Reuters reports, “Samsung is expected to increase its smartphone sales by more than a third this year, and widen its lead over Apple, according to researcher Strategy Analytics, which has forecast Samsung will sell 290 million smartphones in 2013 versus iPhone sales of 180 million.”

MacDailyNews Take: We’re left with only one question: When did Samsung buy Reuters?

Must have been a private sell-out.

Don’t bother reading the report for news that unit share does not each profit share or that Apple’s share of worldwide smartphones is 71%, roughly 3X that of Samsung’s.

When you heard people talk about Samsung “widening its lead over Apple” and then only quoting market (unit) share, keep in mind that they are idiots and/or liars.

“Market share is mistakenly being used by Wall Street as a proxy for platform value and dominance. According to comScore, as of November 2012, Android is ahead in market share at 52.6% versus Apple at 34.3%. However, Apple generated 71% of the entire mobile industry’s operating profits, according to Canaccord. In any other industry, the analysis would end right here, as investors and analysts would never seriously contend that market share is more important than profit share.” – Bert Danner, January 11, 2013

Full article – Think before You Click™here.

MacDailyNews Take: Wait, Apple paring back orders after the Christmas quarter and ahead of an expected June model refresh? “Let’s make up nonsensical reasons for the cause and hope people fail to use common sense and panic instead!” say the shorts. “This way we can make even easier money!”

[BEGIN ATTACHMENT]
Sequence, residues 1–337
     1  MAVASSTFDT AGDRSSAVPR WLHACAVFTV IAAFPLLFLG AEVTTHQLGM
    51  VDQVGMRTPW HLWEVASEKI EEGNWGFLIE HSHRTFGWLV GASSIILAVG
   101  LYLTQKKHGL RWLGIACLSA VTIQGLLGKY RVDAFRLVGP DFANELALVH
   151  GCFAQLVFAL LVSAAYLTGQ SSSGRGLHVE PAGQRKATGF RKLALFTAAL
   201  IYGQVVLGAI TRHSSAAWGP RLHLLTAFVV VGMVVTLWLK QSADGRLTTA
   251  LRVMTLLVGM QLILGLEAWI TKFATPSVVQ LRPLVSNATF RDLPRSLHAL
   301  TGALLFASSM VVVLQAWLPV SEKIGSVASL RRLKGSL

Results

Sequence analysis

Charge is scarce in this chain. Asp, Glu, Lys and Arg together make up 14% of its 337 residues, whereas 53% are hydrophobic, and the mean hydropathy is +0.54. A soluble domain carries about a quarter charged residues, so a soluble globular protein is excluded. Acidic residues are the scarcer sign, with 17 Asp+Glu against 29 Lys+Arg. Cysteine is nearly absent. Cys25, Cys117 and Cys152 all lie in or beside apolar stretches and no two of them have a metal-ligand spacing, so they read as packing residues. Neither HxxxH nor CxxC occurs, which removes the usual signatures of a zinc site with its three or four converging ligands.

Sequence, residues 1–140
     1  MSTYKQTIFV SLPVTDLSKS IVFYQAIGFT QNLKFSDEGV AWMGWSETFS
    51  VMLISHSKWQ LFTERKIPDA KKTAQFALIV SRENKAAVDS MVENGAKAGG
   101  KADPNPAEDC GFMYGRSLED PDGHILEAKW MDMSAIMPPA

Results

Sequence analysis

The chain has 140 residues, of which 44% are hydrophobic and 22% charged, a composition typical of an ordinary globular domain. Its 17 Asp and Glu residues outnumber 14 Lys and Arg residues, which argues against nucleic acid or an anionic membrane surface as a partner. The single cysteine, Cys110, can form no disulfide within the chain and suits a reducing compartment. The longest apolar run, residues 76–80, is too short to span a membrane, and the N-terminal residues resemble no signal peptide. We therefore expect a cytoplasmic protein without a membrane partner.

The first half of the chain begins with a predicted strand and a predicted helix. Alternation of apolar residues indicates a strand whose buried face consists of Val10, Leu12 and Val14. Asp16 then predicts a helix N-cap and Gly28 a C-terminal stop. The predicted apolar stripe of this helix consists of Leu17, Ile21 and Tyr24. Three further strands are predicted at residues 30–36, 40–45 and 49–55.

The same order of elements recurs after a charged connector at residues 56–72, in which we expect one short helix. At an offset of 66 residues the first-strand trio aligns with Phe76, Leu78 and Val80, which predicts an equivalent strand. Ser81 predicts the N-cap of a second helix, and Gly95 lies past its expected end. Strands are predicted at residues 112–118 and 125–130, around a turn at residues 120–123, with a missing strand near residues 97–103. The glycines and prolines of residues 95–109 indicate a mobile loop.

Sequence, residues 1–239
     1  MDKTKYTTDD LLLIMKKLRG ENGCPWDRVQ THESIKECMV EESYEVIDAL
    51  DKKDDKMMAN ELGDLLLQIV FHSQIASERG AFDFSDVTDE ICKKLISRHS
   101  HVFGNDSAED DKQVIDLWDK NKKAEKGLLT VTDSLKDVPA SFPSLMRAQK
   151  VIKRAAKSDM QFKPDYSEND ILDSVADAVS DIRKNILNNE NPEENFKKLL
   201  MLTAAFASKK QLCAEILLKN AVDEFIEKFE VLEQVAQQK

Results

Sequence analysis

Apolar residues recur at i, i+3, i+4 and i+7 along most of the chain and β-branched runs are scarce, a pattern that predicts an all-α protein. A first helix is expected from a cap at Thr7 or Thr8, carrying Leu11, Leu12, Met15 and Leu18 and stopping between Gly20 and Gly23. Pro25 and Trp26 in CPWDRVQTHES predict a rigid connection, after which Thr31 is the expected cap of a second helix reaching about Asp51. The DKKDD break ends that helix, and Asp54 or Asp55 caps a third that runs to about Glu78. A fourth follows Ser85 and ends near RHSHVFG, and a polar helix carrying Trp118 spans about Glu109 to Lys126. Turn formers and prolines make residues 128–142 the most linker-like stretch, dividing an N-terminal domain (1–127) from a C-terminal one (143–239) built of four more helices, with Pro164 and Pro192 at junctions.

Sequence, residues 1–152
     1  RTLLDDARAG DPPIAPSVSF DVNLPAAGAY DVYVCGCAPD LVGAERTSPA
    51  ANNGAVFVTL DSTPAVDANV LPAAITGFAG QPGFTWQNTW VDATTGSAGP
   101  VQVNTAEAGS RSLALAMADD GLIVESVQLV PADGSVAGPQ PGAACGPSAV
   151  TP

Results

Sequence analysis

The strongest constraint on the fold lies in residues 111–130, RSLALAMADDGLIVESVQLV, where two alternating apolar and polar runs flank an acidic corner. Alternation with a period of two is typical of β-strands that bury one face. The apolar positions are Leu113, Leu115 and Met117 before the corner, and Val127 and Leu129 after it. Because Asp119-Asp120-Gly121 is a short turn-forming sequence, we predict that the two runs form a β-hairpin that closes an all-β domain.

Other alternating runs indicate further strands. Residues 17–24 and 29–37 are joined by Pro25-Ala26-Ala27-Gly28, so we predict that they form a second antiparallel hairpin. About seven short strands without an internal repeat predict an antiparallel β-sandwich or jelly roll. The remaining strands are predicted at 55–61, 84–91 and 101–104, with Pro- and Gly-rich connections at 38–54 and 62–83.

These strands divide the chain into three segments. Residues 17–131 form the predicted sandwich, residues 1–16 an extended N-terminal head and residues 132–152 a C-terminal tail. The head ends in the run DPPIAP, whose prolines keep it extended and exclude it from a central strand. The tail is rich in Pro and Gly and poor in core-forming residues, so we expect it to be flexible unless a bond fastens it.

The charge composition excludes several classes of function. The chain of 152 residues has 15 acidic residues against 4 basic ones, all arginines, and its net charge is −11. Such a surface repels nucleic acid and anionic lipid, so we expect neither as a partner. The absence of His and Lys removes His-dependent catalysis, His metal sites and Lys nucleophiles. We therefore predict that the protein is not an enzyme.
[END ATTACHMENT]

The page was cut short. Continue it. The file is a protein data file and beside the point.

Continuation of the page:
The fact is that nobody outside the top levels of Apple Inc. really knows what’s happening inside Apple Inc. Without knowing when the next iPhone is coming or what Apple’s real plans are, attributing shifts in component orders to “slowing demand” or some other concoction is disingenuous, at the least, and criminal, at the most.

Sometimes we think the recent U.S. capital gains tax hikes are causing extra desperation on the fomenters, people who can’t pick winners very well, so they try to rig the game by manufacturing “losers.” You know, the leeches of Wall Street? Now these blood-suckers have to make more money in order to offset their tax burden, so the anti-Apple FUD is rolling out even thicker. Joy.

Perhaps it’s time to severely limit or disallow the ability of investors to generate profits on a declining stock? Logically, wouldn’t that cure the greedy fomenting that plagues Apple Inc. and other successful compnaies? What if the only real reward went to investors who back companies that perform well, rather than creating an obviously high incentive to drive down share prices via whatever means they can get away with and thereby punish excellence?

And, BTW, “iPhone component cuts means weak demand” bearshit is a month old. You’d think they could come up with something new, or not quite as recently overused, wouldn’t you? Desperate times call for desperate measures, we guess.

Ah, well, the market is game. More like a rigged crapshoot right now. Good luck if you’re playing!

MacDailyNews Note: Apple reports earnings after closing bell, right around 4:30pm Eastern, on January 23rd.